I am using the Church at the Cross Reading plan (see link to right) and have caught up with the December Advent readings. It’s been interesting to be in Isaiah and Mark, and I’ve come up with some thoughts and questions (not necessarily answers) that I thought I’d put down in a blog post.
Is 5 referred to Is 27 so I skipped ahead. That chapter talks about God defeating Leviathan definitively. I thought of this in light of the readings in Job that I mentioned 2 posts back. Does this indicate that the agents of chaos will no longer be needed so they will all be destroyed? I know the commentator in Job was comparing Leviathan to God, but the point to the passage was that chaos is a part of creation at this time until all is brought under dominion. Anyway, interesting thought.
Isaiah is constantly switching between descriptions of punishment and descriptions of the blessings to come for the remnant.
Is 13 – the day of the Lord will be an awful day (hard, threatening, and full of awe).
Mark 1-3 – did Jesus and John spend much time together at family get togethers? Did they know each other well before the baptism? John seems to accept who Jesus is easier than mother and brothers as his ministry starts. Questions came when John’s life was in danger.
The time is now come for Jesus to start his ministry – seems to be based on the arrest of John the Baptist. The last of the Old Testament prophets, signaling the end of an age and showing Israel still doesn’t know how to treat the messengers of God.
The scribes didn’t teach with authority? Or at least not with the spirit filled authority of Christ.
Peter’s mother-in-law is healed and she gets up and serves them, fulfilling her duties as hostess. And probably very grateful to be able to repay (not earn), to express her love.
After so much activity and attention, he went away to pray. He was constantly in prayer, but also needed quiet devoted time.
Moves on, doesn’t try to heal or fix everyone. They are temporary fixes anyway. He is here to bring eternal healing and salvation.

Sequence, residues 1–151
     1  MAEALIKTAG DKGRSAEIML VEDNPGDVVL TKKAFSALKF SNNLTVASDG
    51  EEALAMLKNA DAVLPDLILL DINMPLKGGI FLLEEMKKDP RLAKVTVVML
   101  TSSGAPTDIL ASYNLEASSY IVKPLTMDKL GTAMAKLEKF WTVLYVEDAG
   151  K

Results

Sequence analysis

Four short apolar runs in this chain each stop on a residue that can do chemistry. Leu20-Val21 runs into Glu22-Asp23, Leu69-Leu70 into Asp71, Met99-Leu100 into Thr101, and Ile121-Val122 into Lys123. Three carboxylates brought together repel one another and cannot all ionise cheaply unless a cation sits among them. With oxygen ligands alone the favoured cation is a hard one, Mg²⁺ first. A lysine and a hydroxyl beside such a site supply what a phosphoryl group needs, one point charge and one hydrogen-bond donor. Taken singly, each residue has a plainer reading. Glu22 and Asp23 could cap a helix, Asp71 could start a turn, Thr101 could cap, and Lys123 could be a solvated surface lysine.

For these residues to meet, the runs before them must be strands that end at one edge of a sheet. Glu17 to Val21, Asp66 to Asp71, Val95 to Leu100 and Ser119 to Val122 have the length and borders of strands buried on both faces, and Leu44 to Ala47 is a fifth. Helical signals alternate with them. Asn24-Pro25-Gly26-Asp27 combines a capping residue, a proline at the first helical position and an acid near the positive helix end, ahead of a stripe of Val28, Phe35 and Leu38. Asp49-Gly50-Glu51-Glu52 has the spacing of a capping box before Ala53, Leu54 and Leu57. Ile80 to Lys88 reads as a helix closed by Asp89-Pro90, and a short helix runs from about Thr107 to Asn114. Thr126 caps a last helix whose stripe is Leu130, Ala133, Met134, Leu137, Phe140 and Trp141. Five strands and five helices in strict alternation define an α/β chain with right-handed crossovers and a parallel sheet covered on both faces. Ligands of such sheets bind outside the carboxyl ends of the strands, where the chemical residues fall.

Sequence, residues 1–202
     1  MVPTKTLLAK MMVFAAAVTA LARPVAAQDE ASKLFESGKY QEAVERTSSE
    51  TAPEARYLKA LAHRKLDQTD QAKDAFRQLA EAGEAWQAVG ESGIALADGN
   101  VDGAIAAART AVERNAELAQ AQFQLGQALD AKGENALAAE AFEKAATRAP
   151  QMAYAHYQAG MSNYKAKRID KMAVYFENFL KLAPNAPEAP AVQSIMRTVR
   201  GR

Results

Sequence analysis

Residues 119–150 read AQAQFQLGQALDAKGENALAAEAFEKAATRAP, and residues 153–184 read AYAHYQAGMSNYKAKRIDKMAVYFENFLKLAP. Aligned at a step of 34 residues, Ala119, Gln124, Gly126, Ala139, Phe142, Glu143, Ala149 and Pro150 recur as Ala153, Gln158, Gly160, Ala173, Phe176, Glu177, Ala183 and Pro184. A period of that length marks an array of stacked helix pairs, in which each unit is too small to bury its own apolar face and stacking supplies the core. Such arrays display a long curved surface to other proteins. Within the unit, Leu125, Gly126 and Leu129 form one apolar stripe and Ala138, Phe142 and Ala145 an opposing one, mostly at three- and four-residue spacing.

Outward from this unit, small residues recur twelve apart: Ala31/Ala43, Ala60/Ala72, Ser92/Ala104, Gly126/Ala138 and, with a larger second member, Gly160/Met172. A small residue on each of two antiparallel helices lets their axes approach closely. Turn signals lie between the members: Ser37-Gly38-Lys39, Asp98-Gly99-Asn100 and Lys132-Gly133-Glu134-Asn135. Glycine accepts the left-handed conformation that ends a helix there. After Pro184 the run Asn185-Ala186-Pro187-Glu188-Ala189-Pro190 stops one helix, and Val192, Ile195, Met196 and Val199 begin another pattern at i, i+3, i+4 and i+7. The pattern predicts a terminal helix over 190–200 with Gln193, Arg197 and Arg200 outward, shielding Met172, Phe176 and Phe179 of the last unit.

Plethora of demons during this time – due to the incarnation?
Spreading the news prevented him from going to some places so some people didn’t get to see him. Even the demons yell out his identity. Do this knowing it will make his ministry more difficult?
Mark 4 – The storm and the boat. Is he rebuking how afraid they were and how they approached him? Should they have calmly asked if he could do something? Should they have had the power and authority to handle the storm since he seems to treat it as a demon and he has just selected them in order to start sending them out?
Mark 5 – here he actually tells the man to tell others what has happened? Why the change? Because such a dramatic witness to the grace and mercy, not just a simple healing?
Yet then he heals Jairus’s daughter and say tell no one. Yet people knew she was dead and now she isn’t. He can’t keep this one a secret.
Mark 6 – no honor in his hometown. Marveled at their unbelief that “limited” his power.
Walking on the water and “meant to pass by” – he expected to be recognized, seen, and stopped. Allowing them to invite him onboard (per Hendrickson).
Why do they not get it yet? He’s so normally human? Not the type of Messiah they would pick? It’s such a gigantic concept?
Mark 7 – went into Tyre just for this appointment with the gentile mother? A few more short trips seem to follow the same pattern.
Mark 9 – he tells them he will rise from the dead. They don’t get it but they don’t ask about that. Instead they come up with some question about Elijah. Even then he includes a comment about his suffering and they still don’t ask what he means.
Calvin indicates the father seems to be saying “can you, just another prophet, do anything? Your disciples can’t” And the scribes had been there arguing that Jesus was just a man. No wonder the father is doubtful. But Jesus explains his power is inexhaustible and puts it back on the father’s faith. The man is starting to figure it out and realize Christ is someone more. He believes (something) and recognizes he needs help to believe more and more clearly.
Jesus again says he must die. They still don’t understand but instead of asking, they argue about who will be first. And they don’t even understand what they want to be first in.
Abrupt sentence re: hell for those who sin and then discussion of fire not quenched to suddenly talking about salted with fire. Seems to be a contrast of believers vs persistent sinners. We should be purified and then be salt to the world. To lose that is tragic,